“On Feb. 15, 2011, citizens in Benghazi organized what they called a Day of Anger march. The demonstration soon turned into a full-scale battle with police.
“At first, security forces used tear gas and water cannons. But as several hundred protesters armed with rocks and Molotov cocktails attacked government buildings, the violence spiralled out of control. Demonstrators chanted, ‘No God but Allah, Moammar is the enemy of Allah’.” 
Today, Libya is a warzone of competing militias. The Transitional National Council, anointed by the West as the legitimate representative of the Libyan people, has no authority.
And now, one year after the uprising began, some NATO officials are admitting that NATO aligned itself with militant Islamic rebels to oust Gaddafi, who US officials had complained was engaging in “resource nationalism,” while oil companies denounced him for trying to “Libyanize” the economy. 
According to the Ottawa Citizen’s David Pugliese, some Canadian military officers in private refer “to the NATO jets bombing Gadhafi’s troops as ‘al-Qaeda’s air force’.” 
The parallels with Syria are obvious. As Gaddafi’s government struggled with a number of militant Islamic uprisings over the years, so too has the secular government of Bashar Assad in Syria.  Calls have been made for NATO countries to intervene there too, either as the rebels’ air force or arms supplier or both.
But it’s clear that a NATO intervention in Syria will be a repeat of Libya, with NATO forces backing militant Islamists with the sole goal of sweeping a government from power that the West’s economic interests are not wholly comfortable with. Syria too practices economic nationalism.
The Assad government has drafted a new constitution , to be put to a referendum later this month, which promises the multi-party democracy and democratic reforms the West demanded—but now, on the eve of their being delivered, dismisses as “meaningless.”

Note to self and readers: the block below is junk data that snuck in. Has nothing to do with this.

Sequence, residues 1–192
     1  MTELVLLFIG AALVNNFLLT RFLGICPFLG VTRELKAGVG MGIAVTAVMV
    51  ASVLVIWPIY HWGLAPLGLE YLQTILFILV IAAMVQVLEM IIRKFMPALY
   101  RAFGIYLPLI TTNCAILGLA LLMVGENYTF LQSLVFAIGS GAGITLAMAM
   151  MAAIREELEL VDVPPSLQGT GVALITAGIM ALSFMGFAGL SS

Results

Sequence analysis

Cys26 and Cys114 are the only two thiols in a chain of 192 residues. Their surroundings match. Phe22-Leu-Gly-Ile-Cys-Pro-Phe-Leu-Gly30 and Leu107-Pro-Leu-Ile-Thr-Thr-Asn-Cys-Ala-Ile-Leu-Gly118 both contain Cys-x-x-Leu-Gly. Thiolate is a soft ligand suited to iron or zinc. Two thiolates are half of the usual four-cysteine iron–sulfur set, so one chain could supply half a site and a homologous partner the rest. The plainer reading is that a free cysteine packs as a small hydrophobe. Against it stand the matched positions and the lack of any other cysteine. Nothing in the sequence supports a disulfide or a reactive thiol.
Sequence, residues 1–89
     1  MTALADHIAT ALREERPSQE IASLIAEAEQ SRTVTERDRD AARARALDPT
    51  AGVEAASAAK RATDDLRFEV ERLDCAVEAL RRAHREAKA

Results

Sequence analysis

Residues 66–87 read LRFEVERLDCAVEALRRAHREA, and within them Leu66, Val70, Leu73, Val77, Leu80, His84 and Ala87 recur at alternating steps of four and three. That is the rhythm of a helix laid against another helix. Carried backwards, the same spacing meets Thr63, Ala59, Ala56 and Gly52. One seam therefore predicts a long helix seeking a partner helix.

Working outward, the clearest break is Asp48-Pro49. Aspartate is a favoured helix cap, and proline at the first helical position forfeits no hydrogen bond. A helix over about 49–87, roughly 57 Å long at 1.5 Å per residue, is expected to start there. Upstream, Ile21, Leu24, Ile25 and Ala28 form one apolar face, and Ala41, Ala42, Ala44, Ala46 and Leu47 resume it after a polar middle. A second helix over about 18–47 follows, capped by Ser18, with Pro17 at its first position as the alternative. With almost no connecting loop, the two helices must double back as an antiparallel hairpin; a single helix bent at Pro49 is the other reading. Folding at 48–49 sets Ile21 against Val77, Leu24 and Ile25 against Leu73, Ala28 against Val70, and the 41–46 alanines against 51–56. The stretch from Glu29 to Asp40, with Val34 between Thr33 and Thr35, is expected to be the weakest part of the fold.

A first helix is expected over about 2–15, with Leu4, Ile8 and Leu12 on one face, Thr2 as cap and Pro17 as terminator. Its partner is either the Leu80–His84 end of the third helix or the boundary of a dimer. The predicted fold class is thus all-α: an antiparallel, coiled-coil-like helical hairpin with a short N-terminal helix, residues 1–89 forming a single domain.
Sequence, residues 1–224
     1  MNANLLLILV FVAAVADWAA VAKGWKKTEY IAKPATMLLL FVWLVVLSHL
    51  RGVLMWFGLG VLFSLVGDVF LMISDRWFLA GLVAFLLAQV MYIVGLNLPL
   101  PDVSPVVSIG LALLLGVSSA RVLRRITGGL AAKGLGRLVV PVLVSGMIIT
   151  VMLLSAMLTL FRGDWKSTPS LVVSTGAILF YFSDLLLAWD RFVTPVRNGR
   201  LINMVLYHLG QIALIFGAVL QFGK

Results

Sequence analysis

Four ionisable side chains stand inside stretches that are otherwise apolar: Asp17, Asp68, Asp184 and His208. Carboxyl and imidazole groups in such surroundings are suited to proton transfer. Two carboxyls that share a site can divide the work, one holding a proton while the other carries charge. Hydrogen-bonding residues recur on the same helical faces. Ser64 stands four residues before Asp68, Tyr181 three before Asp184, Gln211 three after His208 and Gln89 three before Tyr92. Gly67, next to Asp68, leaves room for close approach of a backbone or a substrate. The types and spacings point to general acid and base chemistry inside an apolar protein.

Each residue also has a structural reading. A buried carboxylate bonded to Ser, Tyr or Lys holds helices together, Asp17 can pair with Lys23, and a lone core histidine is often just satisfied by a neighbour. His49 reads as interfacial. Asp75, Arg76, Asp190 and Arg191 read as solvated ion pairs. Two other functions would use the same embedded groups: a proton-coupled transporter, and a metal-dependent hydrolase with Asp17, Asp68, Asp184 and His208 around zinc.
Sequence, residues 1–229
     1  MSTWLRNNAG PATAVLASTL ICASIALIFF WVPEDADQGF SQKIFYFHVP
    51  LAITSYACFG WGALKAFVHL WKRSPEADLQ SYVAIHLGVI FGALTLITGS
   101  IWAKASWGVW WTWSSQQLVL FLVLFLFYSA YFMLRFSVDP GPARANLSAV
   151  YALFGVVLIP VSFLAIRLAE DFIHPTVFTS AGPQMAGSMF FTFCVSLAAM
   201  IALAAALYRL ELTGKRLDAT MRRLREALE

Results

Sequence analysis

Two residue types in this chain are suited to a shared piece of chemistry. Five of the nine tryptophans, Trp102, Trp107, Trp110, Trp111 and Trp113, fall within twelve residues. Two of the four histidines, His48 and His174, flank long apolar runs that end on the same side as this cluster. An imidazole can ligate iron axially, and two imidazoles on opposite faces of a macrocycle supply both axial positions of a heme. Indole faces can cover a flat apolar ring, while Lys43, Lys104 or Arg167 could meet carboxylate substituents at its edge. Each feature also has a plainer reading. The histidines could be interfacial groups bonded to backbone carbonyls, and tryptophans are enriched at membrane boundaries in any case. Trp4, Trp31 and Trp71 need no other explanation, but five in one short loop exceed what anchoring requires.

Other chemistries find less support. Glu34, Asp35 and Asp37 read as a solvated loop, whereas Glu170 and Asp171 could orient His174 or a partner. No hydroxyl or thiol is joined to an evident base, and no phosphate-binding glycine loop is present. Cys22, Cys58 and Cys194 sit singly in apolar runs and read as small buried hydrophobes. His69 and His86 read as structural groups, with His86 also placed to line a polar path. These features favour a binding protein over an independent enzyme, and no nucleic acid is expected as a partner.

Apart from allowing multiple parties to contest elections and multiple candidates to run for president, the new constitution mandates that the country’s resources be publicly owned (which is to say that the country will practice the “resource nationalism” that got Gaddafi in trouble), that taxation will be progressive, and that the economy will be directed, rather than laissez-faire. 
Democratic reforms are largely irrelevant to the West. Otherwise, it would do more to press Saudi Arabia, Bahrain, Qatar, and other petro-despotisms—from which Western oil companies derive billions of dollars in profits—to change their ways. Instead, Bahrain, site of a renewed uprising that is being violently suppressed–as one there was last year–continues to receive US-backing and arms.
Calls for democratic reforms—in some countries, not others—are simply pretexts for intervention. The West’s real motivation for backing uprisings in Libya and Syria are economic: turning the countries away from resource nationalism and a measure of independent, self-directed economic development into profit-disgorging spheres of exploitation for Western banks, corporations and investors.
In pursuit of these goals, NATO countries are willing to ally with anyone. Even al-Qaeda.
1. David Pugliese, “The Libya mission one year later: A victory, but at what price?” The Ottawa Citizen, February 20, 2012. http://www.ottawacitizen.com/news/Libya+Mission+Year+Later+victory+what+price/6178518/story.html
2. David Pugliese, “The Libya mission one year later: Into the unknown”, The Ottawa Citizen, February 18, 2012. http://www.ottawacitizen.com/news/Libya+mission+year+later+Into+unknown/6172099/story.html
3. David Pugliese, “DND report reveals Canada’s ties with Gadhafi”, The Ottawa Citizen, April 23, 2011.
4. David Pugliese, “DND report reveals Canada’s ties with Gadhafi”, The Ottawa Citizen, April 23, 2011.
5. Hadeel Al-Shalchi and Maggie Michael, “Libyan rebel hero plays down Islamist past”, The Associated Press, September 2, 2011.
6. Rod Nordland and David D. Kirkpatrick, “Islamists’ growing sway raises questions for Libya”, The New York Times, September 14, 2011.
7. David Pugliese, “The Libya mission one year later: Into the unknown”, The Ottawa Citizen, February 18, 2012.
8. Steven Mufson, “Conflict in Libya: U.S. oil companies sit on sidelines as Gaddafi maintains hold”, The Washington Post, June 10, 2011
9. David Pugliese, “The Libya mission one year later: Into the unknown”, The Ottawa Citizen, February 18, 2012.
10. Stephen Gowans, “Syria’s uprising in context,” what’s left, February 10, 2012. http://gowans.wordpress.com/2012/02/10/syrias-uprising-in-context/
11. David M. Herszenhorn, “For Syria, reliant on Russia for weapons and food, old bonds run deep”, The New York Times, February 18, 2012.
12. SANA, February 18, 2012